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Fig. 11.22. Polycrystalline Diamond Drills5

PCD drills are very expensive, the number of holes obtained per drill and the fewer changes required make them cost effective. It should be noted that PCD drills cannot be used with free hand or non-rigid setups; the point will immediately chip and break if any vibration or chatter is present during drilling.

11.3.6 Reaming

Although it is desirable to drill the final hole size in one pass, it is often necessary to ream the hole to final diameter. Reaming is done with HSS or carbide reamers at about one half the drilling speed (e.g., 500-1000rpm). In some composite-to-metal structures, fasteners are installed clearance fit in the composite and interference fit in the metallic structure for metallic fatigue life enhancement. In this situation, the final hole diameter would be drilled in the composite-to-metal stack-up, the composite skin would then be taken down, and the holes reamed to provide a clearance fit for the fastener. When the stack-up is reassembled, the fasteners would be installed clearance fit in the composite and interference fit in the metal.

11.3.7 Countersinking

Countersinking should only be used where protruding head fasteners will not satisfy design requirements. In general, countersinking reduces joint strength and fatigue life. During countersinking for flush head fasteners, it is important not to countersink too deep and create a knife-edge condition in the countersunk member. A knife-edge creates a significant stress riser, as well as allowing the fastener to tilt and rise up on the countersink surface, resulting in low joint yield strength and reduced fatigue life. As a general rule, at least 0.025 in. or no more than 80% of the sheet thickness, whichever is less, should not be countersunk, as shown in Fig. 11.23. Piloted countersinks are helpful in centering the countersink tool in the hole and depth control can be obtained with microstop cages.

0.020 in. Minimum for Metals

0.025 in. Minimum, or 80% Thickness Maximum, for Composites

Fig. 11.23. Countersinking

Radius Required to Match Head-to-Shank Radius on Fastener

Liquid Shim

0.020 in. Minimum for Metals

0.025 in. Minimum, or 80% Thickness Maximum, for Composites

Fig. 11.23. Countersinking

Countersinking of composite structures is similar to that done in metals with one additional caution - the area where the countersink transitions into the hole must have the same radius as the fastener head-to-shank radius. Again, due to the low interlaminar shear strength of composites, this condition can result in cracks and delaminations under the force of fastener installation. Countersinking cutters for composites are normally made of solid carbide, steel bodies with carbide inserts, or steel bodies with PCD inserts.

11.4 Fastener Selection and Installation

There are many types of fasteners used in aerospace structural assembly, the most prevalent being solid rivets, pins with collars, bolts with nuts, and blind fasteners, with examples shown in Fig. 11.24. There are also many other miscellaneous fasteners such as quick release multiple piece fasteners, latches, straight pins, headed pins, lock pins, cotter pins, threaded inserts, retaining rings and washers. A typical structural fastener usage for a fighter aircraft is shown in Fig. 11.25.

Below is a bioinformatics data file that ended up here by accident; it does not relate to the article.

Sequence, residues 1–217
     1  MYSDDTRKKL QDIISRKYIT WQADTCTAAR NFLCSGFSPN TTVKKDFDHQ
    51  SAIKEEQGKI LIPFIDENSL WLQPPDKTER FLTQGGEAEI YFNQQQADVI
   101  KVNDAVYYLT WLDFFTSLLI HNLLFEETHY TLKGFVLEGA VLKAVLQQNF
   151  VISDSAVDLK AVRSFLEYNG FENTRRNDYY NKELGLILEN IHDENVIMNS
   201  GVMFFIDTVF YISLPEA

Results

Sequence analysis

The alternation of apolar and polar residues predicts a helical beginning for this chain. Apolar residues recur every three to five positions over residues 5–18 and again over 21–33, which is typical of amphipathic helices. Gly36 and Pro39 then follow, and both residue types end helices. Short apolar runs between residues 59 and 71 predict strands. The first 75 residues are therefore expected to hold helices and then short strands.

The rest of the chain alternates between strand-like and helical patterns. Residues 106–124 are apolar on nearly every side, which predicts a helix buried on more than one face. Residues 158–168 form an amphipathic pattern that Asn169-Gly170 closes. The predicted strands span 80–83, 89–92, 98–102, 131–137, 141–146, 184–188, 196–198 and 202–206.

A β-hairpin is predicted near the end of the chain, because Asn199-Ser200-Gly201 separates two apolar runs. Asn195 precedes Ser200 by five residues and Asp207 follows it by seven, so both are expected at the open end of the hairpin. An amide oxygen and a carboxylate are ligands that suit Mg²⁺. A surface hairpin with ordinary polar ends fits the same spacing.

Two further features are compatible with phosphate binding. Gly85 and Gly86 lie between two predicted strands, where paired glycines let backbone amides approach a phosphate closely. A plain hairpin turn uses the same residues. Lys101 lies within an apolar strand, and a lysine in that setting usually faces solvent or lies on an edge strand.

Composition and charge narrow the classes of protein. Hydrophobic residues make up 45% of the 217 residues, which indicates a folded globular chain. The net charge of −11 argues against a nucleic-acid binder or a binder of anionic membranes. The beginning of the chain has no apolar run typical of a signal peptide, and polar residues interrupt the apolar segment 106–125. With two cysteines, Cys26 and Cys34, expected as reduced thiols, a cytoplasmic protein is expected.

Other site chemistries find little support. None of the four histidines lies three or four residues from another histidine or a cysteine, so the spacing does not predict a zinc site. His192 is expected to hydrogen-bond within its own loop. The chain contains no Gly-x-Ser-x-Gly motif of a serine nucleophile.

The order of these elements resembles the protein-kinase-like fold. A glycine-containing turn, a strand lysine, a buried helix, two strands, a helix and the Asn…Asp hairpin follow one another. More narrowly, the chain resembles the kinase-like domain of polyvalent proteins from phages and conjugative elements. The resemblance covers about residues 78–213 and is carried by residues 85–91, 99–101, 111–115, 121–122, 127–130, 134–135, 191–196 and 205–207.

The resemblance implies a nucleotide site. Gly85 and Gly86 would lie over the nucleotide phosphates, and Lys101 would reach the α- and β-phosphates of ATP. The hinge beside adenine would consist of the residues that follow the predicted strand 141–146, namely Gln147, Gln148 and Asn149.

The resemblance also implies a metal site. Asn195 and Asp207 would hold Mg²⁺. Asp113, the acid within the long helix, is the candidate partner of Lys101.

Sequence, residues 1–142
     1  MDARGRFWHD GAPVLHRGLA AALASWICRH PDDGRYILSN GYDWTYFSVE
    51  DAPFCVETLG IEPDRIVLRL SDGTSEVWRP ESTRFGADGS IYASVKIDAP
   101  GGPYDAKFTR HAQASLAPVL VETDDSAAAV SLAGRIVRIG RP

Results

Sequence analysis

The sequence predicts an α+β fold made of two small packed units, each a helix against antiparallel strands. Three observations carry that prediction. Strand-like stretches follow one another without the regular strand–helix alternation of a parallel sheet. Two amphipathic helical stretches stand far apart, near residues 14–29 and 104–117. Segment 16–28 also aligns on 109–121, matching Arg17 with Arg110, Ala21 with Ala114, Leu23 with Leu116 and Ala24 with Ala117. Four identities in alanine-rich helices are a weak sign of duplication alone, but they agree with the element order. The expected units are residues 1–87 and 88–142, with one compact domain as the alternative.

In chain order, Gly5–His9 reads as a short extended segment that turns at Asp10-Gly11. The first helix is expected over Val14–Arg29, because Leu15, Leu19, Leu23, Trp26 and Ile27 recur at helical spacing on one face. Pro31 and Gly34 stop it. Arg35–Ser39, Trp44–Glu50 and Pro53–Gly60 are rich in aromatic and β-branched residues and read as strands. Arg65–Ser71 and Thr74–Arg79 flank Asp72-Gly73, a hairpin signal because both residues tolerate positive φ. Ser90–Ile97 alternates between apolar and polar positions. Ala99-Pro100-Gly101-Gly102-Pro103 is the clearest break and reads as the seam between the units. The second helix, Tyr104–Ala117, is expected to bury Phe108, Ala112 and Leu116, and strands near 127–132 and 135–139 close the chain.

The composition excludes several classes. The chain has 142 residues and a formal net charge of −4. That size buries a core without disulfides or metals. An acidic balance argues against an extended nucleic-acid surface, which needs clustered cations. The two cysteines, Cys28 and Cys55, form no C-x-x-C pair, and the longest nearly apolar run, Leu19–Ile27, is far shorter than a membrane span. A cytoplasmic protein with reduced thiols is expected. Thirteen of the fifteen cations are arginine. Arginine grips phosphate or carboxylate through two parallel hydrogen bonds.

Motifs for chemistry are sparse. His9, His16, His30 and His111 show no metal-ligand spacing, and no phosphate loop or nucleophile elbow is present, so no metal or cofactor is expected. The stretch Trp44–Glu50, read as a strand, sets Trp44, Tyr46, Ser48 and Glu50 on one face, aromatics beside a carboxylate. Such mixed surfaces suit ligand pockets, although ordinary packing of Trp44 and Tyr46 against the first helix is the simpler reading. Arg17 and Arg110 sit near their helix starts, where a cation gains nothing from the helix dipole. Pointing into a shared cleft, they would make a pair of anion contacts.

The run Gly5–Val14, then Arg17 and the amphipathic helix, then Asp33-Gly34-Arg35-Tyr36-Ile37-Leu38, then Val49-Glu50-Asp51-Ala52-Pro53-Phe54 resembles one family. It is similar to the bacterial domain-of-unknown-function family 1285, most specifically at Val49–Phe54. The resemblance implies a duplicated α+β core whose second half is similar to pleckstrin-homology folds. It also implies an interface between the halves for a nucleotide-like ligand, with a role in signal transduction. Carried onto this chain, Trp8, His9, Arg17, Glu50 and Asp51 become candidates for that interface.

Since the number and types of fasteners used in aircraft construction is large and complex, aerospace companies have developed fastener usage policies for their various programs, which establish the policies and criteria for the selection and application of fasteners. Typical contents include usage limitations, selection criteria, hole size/callout information, strength allowables, material compatibility and protection, and lists of approved fasteners. Minimum edge distances and fastener spacing requirements are specified in the fastener usage policy or on the individual engineering drawings. Typical edge distances are 2-3D with typical fastener spacings of 4-6D, where D is the hole diameter.

The selection of a specific fastener depends on its ability to satisfactorily transmit the expected design loads, be environmentally compatible with the materials it joins, and be amenable to installation in the intended joint. Environmental or corrosion compatibility depends on both the fastener material and the materials in the joint. Some examples of the compatibility of fastener materials with structural materials are shown in Table 11.1. It should also be noted that fasteners, especially steel fasteners, are often coated for corrosion protection (e.g., cadmium) and the compatibility of the coating with materials being joined needs to be considered. For example, cadmium-plated fasteners should not be used with titanium due to the potential of stress corrosion cracking.

Mechanical fastener material selection for composites is important in preventing potential corrosion problems. Aluminum and cadmium coated steel fasteners will galvanically corrode when in contact with carbon fibers. Titanium (Ti-6Al-4V) is usually the best fastener material for carbon fiber composites, based on its high strength-to-weight ratio and corrosion resistance. When higher strength is required, cold worked A286 iron-nickel or the iron-nickel based

Flush Universal

Counterbore

Installed Rivets

Flush Protruding

Flush Protruding

Protruding Bolts and Nuts

Flush

Flush

Hi-Lok Collar

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